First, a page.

“The students really understood the mission put in front of them and embraced the challenge and produced innovative and creative solutions.  More than that, they adapted to the interesting current remote-working situation and really rose above that,” noted Han.

“I was really impressed with all the teams,” said Murray. “Every team had creative and usable ideas.”

After careful deliberation by the Accenture representatives, a winner emerged: Team Three—Zoe Friedman 22BBA, Chris Breuer 22BBA22, Ben Miller 22BBA and Dion Zhang 22BBA. Team Three’s strategy, as Friedman explained during the team’s presentation, was to “personalize professionalism,” and to do so in an “informal and authentic way” by forming a TEDx-style “Accenture Academy.” During Miller’s portion of the presentation, he added that platforms such as Facebook, Instagram and TikTok could be used for outreach.

The Accenture reps found Team Three’s ideas would be easy to implement, low cost, and scalable. “I love that we let it be so open-ended and the teams did shoot for the moon,” said Morse. In the end, however, it came down to “what’s feasible and what we can actually do,” she added.

According to Friedman, it was important that Team Three did “think outside the box” but remained practical. “One important goal of our deliverable was to incorporate a cost effective and easy-to-implement approach which used existing resources via a pilot program,” she said. “Details matter in consulting, and in future projects, I will continue to focus on creating detailed solutions with minimal impact on existing company resources.”

The teamwork aspects of the competition impressed Zhang–not only working with teammates Breuer, Friedman and Miller, but also with the team’s teaching assistant, Hope Morgan 20BBA, and with Professor Graves. “This experience taught me the importance of learning from and working with people with different strengths and perspectives,” Zhang said.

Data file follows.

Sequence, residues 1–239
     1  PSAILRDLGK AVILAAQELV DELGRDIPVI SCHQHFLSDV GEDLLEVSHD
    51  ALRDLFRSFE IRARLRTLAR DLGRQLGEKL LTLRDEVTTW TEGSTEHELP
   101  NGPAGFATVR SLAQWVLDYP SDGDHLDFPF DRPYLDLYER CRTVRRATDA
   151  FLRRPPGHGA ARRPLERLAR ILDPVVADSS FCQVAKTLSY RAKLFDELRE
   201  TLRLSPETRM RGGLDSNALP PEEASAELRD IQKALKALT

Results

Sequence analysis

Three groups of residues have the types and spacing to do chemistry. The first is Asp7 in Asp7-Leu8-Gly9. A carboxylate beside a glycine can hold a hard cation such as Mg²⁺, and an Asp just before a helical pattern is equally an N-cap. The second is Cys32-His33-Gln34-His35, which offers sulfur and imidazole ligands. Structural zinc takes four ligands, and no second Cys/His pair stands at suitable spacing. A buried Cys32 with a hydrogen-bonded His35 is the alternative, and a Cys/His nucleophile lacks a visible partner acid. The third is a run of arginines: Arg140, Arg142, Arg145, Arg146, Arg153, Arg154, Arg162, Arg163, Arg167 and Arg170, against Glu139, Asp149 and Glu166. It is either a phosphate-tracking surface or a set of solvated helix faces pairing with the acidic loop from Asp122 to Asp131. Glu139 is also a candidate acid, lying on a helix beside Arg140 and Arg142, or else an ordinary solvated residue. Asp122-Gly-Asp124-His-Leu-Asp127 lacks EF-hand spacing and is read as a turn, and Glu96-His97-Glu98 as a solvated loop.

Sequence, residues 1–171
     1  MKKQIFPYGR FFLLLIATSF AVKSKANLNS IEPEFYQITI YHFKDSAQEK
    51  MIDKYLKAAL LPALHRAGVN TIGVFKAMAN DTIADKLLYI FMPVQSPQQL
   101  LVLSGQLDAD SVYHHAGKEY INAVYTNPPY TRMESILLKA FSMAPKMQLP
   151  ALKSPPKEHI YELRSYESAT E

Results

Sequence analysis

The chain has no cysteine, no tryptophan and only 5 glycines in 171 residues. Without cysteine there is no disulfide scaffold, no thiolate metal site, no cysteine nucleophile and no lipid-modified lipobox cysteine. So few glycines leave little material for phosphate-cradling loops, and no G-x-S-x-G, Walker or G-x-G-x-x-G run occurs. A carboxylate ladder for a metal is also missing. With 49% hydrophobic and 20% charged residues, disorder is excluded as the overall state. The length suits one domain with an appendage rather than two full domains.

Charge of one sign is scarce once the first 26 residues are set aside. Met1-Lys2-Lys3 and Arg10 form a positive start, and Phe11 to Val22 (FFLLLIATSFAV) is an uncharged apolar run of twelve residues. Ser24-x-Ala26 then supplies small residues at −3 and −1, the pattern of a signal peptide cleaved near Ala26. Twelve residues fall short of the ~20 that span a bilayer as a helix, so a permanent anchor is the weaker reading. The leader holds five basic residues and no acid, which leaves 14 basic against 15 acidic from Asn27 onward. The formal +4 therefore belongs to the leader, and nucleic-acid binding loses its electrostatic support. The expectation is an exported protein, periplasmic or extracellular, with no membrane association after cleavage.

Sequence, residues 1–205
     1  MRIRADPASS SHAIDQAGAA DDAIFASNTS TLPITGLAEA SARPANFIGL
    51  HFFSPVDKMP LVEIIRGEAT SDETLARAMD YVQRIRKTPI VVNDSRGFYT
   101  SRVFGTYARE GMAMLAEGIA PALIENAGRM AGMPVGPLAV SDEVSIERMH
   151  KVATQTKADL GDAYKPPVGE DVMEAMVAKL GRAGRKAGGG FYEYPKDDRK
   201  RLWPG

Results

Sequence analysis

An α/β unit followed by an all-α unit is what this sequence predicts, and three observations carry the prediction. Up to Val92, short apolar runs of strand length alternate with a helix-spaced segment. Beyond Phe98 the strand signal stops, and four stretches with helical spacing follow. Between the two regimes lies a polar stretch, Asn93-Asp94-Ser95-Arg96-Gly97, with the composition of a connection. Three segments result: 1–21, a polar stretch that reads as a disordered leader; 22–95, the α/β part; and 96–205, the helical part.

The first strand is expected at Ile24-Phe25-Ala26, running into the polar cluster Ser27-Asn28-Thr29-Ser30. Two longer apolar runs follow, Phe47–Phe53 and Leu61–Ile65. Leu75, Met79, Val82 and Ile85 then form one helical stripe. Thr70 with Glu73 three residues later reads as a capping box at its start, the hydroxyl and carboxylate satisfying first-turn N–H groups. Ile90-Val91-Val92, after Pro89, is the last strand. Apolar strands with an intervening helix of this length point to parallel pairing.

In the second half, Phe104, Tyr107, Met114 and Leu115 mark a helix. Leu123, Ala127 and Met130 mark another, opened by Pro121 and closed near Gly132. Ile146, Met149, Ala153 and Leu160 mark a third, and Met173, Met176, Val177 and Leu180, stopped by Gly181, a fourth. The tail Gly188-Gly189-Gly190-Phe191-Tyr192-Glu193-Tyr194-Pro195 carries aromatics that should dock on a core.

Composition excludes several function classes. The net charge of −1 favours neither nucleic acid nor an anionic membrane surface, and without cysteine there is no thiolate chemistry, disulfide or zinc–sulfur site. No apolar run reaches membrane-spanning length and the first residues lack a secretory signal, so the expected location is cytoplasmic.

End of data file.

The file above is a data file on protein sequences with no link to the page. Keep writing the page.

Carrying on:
Completing the project while dealing with a global pandemic helped Miller “stay positive and determined,” he said. “Despite all the challenges that are presented to you, it is best to stay focused and not let outside circumstances inhibit your ability to do your best work.”

Morgan, who was proud to have helped Team Three deliver a winning solution, saw first hand how the case competition tested the winning teams’ abilities “to combine their critical thinking, problem solving and effective communication skills to deliver convincing solutions in a virtual way,” she said. “BUS 365 equips students with the cornerstone competencies required for future success no matter the route of one’s professional or personal journey.”

Breuer was able to see how the competition allowed him to draw upon a whole semester’s worth of learning in one project. “The entire process of brainstorming an idea, determining how it could be practically implemented, then crafting an effective and convincing presentation was a great way to apply the different skills and techniques we had learned in BUS 365 – Business Communication Strategy,” he said. Breuer also pointed to the silver lining of doing the presentation over Zoom. “Only having to look into the camera of my laptop relieved some of the stress that typically would come with presenting to a full room!” he said.

The pandemic may have forced the student teams to create their cases and present them from their individual homes hundreds of miles apart, but they “rose to the challenge,” Graves said. “The professionalism of our team’s final presentations illustrates our students’ commitment to uphold Goizueta’s high standards, even amidst adverse circumstances.”